- Unregulated Bank of Mum & Dad loans soar to $20 billion
- Average loan is $88k up from $30k in 2010
- Bank of Mum & Dad now a top 10 bank, with 60% of first time buyers requesting financial assistance in 2018
While regular financial institutions are making property loans harder to acquire (even rejecting applications for Afterpay, UberEats & Netflix expenses), there is one source of financing that has been willingly accepting any applicant that dares to ask, and the value of loans approved have grown rapidly. Enter, the Bank of Mum & Dad.
According to data from Digital Finance Analytics the Bank of Mum & Dad sector has grown to amass $20 billion dollars worth of completely unregulated loans.
The portfolio is so large, the parental lending sector has a portfolio larger than AMP, HSBC, Heritage Bank & Citi Group.
$20 Billion Dollars – Parents Money Unnecessarily At Risk
Jess Stimson is a solicitor at Cartland Law, a firm specialising in tax & estate planning matters, and whose clients include lawyers, accountants, advisors and businesses, and she told Real Estate News Group that parents were placing themselves under unnecessary risk by not formalising their loans to children.
“If there’s no loan documentation, regardless of who has lent the money, then it’s difficult to enforce your rights. So if there is any kind of dispute, how will you ever prove there was a loan as opposed to a gift?”
“It can also cause family disharmony, as people can become unclear about the terms of the loan. Parents might be of the understanding that the money was loaned on a standard interest rate, whereas the child might believe it was interest free or a gift.”
Stimson says there are a number of common scenarios where parents can lose the entire sum of the loan, cases in which a simple loan agreement would protect them.
“The next big problem is what happens in a divorce or breakup. If the money is given to your child who is already in or subsequently enters a marriage or domestic relationship, then that money may become part of the marital pool of assets if the marriage or relationship breaks down. This means that the spouse or partner will receive the benefit of your loan or gift.”
“Someone you think is just a boyfriend or girlfriend could end up having a claim on your parents loan.”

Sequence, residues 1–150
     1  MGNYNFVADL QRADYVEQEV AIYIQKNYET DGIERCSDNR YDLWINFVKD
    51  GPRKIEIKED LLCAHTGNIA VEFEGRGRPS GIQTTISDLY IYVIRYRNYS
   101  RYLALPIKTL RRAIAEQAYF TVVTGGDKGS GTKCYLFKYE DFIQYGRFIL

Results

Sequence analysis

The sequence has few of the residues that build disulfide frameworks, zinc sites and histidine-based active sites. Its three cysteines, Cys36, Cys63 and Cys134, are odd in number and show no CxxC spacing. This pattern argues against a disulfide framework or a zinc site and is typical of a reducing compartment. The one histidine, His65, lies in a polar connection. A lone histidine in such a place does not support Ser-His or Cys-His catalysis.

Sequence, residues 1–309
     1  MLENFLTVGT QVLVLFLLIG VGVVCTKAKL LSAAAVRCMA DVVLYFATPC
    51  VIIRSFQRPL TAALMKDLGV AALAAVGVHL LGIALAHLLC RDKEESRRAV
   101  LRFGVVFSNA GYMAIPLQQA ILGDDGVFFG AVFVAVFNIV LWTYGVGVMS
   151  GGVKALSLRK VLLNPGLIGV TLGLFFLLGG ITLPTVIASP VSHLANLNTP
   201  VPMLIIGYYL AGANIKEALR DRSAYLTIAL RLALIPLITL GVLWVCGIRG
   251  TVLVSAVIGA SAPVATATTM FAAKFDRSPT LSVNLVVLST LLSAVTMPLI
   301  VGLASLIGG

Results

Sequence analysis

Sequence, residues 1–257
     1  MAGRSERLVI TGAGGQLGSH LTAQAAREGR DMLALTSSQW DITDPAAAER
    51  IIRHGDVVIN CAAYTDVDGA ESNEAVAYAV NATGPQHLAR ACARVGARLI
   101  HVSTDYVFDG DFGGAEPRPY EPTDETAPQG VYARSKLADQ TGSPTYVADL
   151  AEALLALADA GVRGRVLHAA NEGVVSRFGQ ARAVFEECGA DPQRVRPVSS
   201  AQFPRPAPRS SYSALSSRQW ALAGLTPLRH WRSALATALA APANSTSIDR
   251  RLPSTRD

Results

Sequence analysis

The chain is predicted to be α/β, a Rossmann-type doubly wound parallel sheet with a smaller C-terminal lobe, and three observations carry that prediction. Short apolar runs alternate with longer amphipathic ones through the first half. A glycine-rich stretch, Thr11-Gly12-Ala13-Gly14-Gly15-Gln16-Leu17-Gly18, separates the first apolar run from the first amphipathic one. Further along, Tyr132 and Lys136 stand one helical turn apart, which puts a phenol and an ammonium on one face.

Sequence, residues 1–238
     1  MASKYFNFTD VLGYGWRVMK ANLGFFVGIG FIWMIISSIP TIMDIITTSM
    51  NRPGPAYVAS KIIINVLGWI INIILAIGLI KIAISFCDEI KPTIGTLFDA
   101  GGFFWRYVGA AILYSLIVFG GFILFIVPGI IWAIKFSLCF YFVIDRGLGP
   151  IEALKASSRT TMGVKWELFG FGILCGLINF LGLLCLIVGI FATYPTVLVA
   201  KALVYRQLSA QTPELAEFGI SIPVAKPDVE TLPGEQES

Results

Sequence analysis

“Whereas a formalised loan can be called on first to be recovered before the assets are split up. The same applies to bankruptcy – you can hope to call on a loan before other creditors make claims.”
Even After Death – Loans Can Cause Issues, Contested Wills
Stimson also pointed out that issues for parents can continue from the grave, for instance when two or more children have a dispute over how the parent’s estate should be split up when moneys has been loaned to both children and terms are unclear.
“In extreme circumstances, if the parents died and one or both children were given loans, there could be a dispute between the children regarding who received ‘more’ which complicates administration of a deceased estate. A loan agreement gives an objective value of the loan and can be used to settle a dispute or even avoid one altogether, rather than a ‘he said, she said’ argument that can quickly eat away at the estate’s assets in legal fees.”
Parents Can Get “Bank-Like” Debt Security
Stimson says that in the case of large loans, in the realm of hundreds of thousands of dollars, parents should still look to securitise their loans by registering a mortgage on the title.
“By registering the mortgage, you can have the same protections as a bank so that if anything were to ever go wrong, your assets are better protected from losses.”
Not Too Late – Retrospective Loans & Mortgages
Fortunately, parents who have already given loans too their children but haven’t formalised the agreement are not doomed to be at risk forever, and can put protections in place any time after the money has been transferred.
“Loan agreements can also be done retrospectively – we can prepare and sign an acknowledgement of a loan agreement for a loan that was advanced in the past. This gives the parties an opportunity to agree on the ongoing terms of the loan, and means you can mitigate any future risks despite not setting up an arrangement correctly in the first instance.”
“We frequently prepare loan documents and mortgages for clients in circumstances where they wish to support their children or even a friend, but want peace of mind that the money won’t be lost in unfortunate circumstances. The documentation and agreements are quick, easy, and relatively low-cost matters given the size of the risks involved.”
Stimson recommends a consultation to determine what risks you face and options available in order to protect your assets and avoid potential family disharmony.
Visit www.cartlandlaw.com for a free initial consult.